What Is Clostridium Difficile (C. Diff)?
- Clostridium difficile, or C. diff for short, is an infection from a bacterium that can grow in your intestines and cause bad GI symptoms.
- The main risk of getting C. diff infection is antibiotic use.
- C. diff is very contagious.C. diff can usually be treated with antibiotics, but sometimes
more intense treatments are needed to get rid of the infection.
- Unlike other intestinal bacteria, it can take a long time to get rid of C. diff and start feeling better.
- Each year, C. diff infects roughly 500,000 people in the U.S. and often calls for hospitalization.
- In very bad cases, C. diff infection can be deadly, with estimates of C. diff-linked death ranging from 14,000 to 30,000 each year.
How Is It Passed?
- Perhaps as much as 10 percent of people carry the bacteria without feeling sick or having symptoms. These people still shed the bacteria through their stool.
- When people who carry C. diff do not wash their hands after going to the bathroom, they can taint the food they handle and they can leave the bacteria on things they touch.
- The bacteria can survive for months unless the area is fully cleaned with products specifically designed to kill them, like bleach.
- If someone touches a surface contaminated with C. diff, they may accidentally ingest the bacteria. This doesn’t mean they will get sick, but they could still carry the bacteria and be able to spread it.
The symptoms of Clostridium difficile (C. diff) infection often start with:
- Watery diarrhea (very liquid stool) three or more times a day for more than two days.
- Belly pain and cramps.
- Mild to moderate nausea.
- Loss of appetite (not feeling hungry).
In more serious cases, symptoms may be:
- Watery diarrhea as often as 15 times per day.
- Severe belly pain and cramping.
- Weight loss.
If you get diarrhea (very liquid stool) within a few days of being admitted to or released from a hospital, or within two months of taking an antibiotic, and you have had three or more bouts of diarrhea in 24 hours, C. diff may be the reason. Talk to your doctor right away.
C. diff is most common in hospitals and long-term-care clinics, like nursing homes, but it also occurs in nonhospitalized patients who have not taken antibiotics. While taking antibiotics can pave the way for Clostridium difficile (C. diff), other things can put you at risk:
- Being at least 65 years old.
- Having abdominal surgery.
- Existing problems or disease in your intestines, such as inflammatory bowel disease (IBD) or colon cancer.
- Having a weakened immune system because of chemotherapy or other drugs that suppress the immune system, or AIDS.
- Past infection with C. diff, especially a recent infection.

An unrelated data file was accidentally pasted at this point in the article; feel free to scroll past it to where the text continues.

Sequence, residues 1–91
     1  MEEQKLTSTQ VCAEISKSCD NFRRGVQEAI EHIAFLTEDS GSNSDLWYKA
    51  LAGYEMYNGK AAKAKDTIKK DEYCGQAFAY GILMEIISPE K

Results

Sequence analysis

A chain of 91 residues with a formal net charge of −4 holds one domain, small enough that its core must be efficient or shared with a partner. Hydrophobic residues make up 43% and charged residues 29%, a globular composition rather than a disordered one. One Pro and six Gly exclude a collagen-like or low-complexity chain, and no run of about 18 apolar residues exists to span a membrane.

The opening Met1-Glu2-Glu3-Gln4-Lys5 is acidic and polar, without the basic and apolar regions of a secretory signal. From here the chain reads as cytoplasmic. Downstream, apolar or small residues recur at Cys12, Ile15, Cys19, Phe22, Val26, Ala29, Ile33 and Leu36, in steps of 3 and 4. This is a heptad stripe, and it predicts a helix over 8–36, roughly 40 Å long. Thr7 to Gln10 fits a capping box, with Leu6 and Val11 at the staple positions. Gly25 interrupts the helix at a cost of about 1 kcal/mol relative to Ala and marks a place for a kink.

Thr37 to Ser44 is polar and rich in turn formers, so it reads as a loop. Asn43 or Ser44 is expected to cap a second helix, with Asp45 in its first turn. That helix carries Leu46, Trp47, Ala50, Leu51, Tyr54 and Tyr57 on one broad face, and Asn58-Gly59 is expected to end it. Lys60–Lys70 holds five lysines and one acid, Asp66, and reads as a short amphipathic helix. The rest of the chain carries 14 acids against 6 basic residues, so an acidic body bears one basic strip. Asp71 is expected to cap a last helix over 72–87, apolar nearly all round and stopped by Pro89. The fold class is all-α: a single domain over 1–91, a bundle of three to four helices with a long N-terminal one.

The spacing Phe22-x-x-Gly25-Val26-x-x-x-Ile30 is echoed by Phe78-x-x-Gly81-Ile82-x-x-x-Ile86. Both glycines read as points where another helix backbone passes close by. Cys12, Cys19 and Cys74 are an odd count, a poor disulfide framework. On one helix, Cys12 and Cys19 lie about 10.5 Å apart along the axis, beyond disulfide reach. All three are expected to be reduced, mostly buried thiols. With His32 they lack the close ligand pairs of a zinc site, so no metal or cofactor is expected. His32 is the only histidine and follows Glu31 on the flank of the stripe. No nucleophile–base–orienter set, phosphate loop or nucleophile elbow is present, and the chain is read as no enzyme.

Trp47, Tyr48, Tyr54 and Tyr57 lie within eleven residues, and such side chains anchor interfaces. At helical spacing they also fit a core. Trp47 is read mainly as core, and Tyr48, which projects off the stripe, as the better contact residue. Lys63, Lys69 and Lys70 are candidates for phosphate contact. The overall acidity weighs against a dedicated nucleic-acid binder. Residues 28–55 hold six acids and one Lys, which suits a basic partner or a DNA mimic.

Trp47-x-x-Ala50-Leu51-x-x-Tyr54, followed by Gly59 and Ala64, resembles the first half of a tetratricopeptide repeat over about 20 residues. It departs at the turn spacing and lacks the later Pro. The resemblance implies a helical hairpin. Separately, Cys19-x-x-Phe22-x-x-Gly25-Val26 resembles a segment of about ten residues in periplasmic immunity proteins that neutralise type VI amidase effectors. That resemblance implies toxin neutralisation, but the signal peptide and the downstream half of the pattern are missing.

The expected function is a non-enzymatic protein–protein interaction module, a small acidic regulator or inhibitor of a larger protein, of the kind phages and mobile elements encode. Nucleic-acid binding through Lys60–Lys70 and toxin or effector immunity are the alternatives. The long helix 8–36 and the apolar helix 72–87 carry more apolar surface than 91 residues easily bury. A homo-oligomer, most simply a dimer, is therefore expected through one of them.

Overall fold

- Treatment with acid-reducing medications.
If you are healthy, you will most likely not get an infection with C. diff. Other organisms often found in your GI tract keep it in check by occupying the sites where C. diff could attach and multiply. Think of these sites as parking spaces — if another organism is already there, C. diff has nowhere to park. C. diff is occurring more often in nonhospitalized community patients, who represent about 40 percent of cases.
There are many tests used to investigate causes of diarrhea. Which test your doctor chooses will depend on your symptoms and medical history and whether you are currently in a hospital.
- The easiest and most specific test is a stool test for Clostridium difficile (C. diff).
- You will give a stool sample in a sterile holder supplied by your doctor’s
office or lab.
- The lab will run tests on your stool to look for toxins from the C. diff bacteria.
- Stool tests can take 24–48 hours to give results.
- Blood tests can show a high white blood cell count, which is a sign of infection
in the body.
- In rare cases, your gastroenterologist may feel a colonoscopy is needed to look at your colon.
- A colonoscopy involves looking at the colon from the inside with a long, thin (about the width of your little finger), flexible tube with a tiny camera on the end, through which the doctor can look for signs of C. diff infection, pseudomembranous colitis (inflammation in the colon caused by C. diff).
- You will be given a medicine to block pain and make you feel sleepy, so you won’t feel much during this test.
- It will also let the doctor to take tissue samples to look at under a microscope (biopsy) if needed.
- A CT scan looks for thickening of the wall of your intestines.
- During this test, you may get an IV injection of a special dye that will let the CT machine take better pictures of your intestines.